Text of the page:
[Hpn] City OKs spending to assist homeless;Seattle Times;10/30/01
Morgan W. Brown
Tue, 30 Oct 2001 10:17:25 -0500
Tuesday, October 30, 2001
Seattle Times <http://seattletimes.nwsource.com>
Local News section
City OKs spending to assist homeless
By Beth Kaiman
Seattle Times staff reporter
The Seattle City Council yesterday agreed to the city's largest single
effort to get homeless people off the street, a plan that calls for adding
170 shelter beds, 70 units of transitional housing and, if voters approve a
tax levy next year, 200 units of permanent and transitional housing.
Over the next 1-1/2 years, the plan would cost $2.75 million. Later, it
would cost many millions more if the housing levy is approved.
"I think this does send a loud and resounding statement to the homeless
people in our community that we care," said Councilman Peter Steinbrueck,
who worked for months to broker an agreement that the city could afford and
advocates for the homeless could support.
In exchange for the council's approval of new spending on shelter and
housing, backers of Initiative 71 have agreed to drop their ballot issue,
which would have gone before voters next year.
Should the council fail to follow through with the $2.75 million plan,
however, the initiative would go back on the ballot. A King County Superior
Court judge approved the arrangement last week.
Initiative 71 would have given the city 18 months to add 400 shelter beds to
the 2,300 now available and increase spending on services for the homeless
by 20 percent. City officials estimated the annual cost at $2.7 million and
predicted millions more would have to be spent to build shelters.
Even city officials who have supported unprecedented spending on the
homeless saw the proposal as too costly for tough financial times. And they
worried that if the initiative appeared on a 2002 ballot, it would compete
with renewal of the low-income-housing levy, already scheduled for the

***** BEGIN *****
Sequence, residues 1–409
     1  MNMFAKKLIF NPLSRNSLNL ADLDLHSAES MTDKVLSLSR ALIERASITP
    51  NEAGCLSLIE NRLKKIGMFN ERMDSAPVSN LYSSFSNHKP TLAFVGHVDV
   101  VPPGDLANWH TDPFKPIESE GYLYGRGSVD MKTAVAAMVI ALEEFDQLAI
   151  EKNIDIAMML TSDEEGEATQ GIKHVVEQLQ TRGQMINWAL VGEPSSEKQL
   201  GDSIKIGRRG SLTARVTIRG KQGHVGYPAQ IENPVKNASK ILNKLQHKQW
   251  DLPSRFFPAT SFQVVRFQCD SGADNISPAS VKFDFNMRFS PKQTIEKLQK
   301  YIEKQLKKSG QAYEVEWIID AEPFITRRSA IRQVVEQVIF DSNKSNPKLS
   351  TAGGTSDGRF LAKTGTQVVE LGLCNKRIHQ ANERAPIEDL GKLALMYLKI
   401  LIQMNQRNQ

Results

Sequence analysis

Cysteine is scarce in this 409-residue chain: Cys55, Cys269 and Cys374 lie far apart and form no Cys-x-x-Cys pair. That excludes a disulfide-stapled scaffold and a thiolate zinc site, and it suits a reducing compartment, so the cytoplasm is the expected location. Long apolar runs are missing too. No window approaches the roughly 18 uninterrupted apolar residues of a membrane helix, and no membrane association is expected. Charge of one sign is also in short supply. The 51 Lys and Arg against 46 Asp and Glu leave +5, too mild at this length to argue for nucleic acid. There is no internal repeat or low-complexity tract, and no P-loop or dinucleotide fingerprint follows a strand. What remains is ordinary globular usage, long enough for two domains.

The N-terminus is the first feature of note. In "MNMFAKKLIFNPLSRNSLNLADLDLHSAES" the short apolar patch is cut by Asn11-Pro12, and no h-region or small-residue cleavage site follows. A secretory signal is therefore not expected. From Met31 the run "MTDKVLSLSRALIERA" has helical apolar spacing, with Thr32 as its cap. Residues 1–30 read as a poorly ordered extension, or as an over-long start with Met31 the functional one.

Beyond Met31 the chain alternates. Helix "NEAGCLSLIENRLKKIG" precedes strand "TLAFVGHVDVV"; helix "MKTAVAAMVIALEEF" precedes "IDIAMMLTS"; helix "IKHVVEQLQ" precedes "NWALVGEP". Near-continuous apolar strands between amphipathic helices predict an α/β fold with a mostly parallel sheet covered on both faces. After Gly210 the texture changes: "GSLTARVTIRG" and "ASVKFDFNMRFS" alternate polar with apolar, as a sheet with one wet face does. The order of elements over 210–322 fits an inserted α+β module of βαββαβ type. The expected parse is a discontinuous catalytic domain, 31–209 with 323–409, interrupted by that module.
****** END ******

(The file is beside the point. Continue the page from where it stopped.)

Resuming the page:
The amount of the levy proposal has not been determined.
People such as Deputy Mayor Tom Byers, housing Director Cynthia Parker and
Steinbrueck also objected to the initiative's emphasis on emergency shelter.
The city in recent years has directed money at longer-term housing as well
Officials began talks with I-71 backers months ago, and in recent weeks,
Steinbrueck made the issue a central cause.
And as the economy continued to worsen, I-71 sponsors realized that success
at the polls was hardly a given.
"We're taking a sure thing here instead of a roll of the dice," said Timothy
Harris, an I-71 organizer and executive director of Real Change, a newspaper
about homelessness. "It just makes sense now, and this will result in better
services for people on the street."
The city will spend $1 million toward the shelter beds and related services,
with $1.4 million in private contributions expected.
The first beds should be available early next year.
The 70 transitional units for singles and families will be funded with $1.75
million in federal money the city has received and at least that much in
grants and private contributions, city officials predict.
The spending does not add to the city budget. The money had already been set
aside for the Office of Housing but had not been spent.
Millions of dollars in city funds would need to be approved by voters for
the 200 housing units.
The resolution approved yesterday also calls for the council to work on
developing a new hygiene and day center for the homeless.
Beth Kaiman can be reached firstname.lastname@example.org or 206-464-2441.
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Morgan W. Brown
Montpelier Vermont USA
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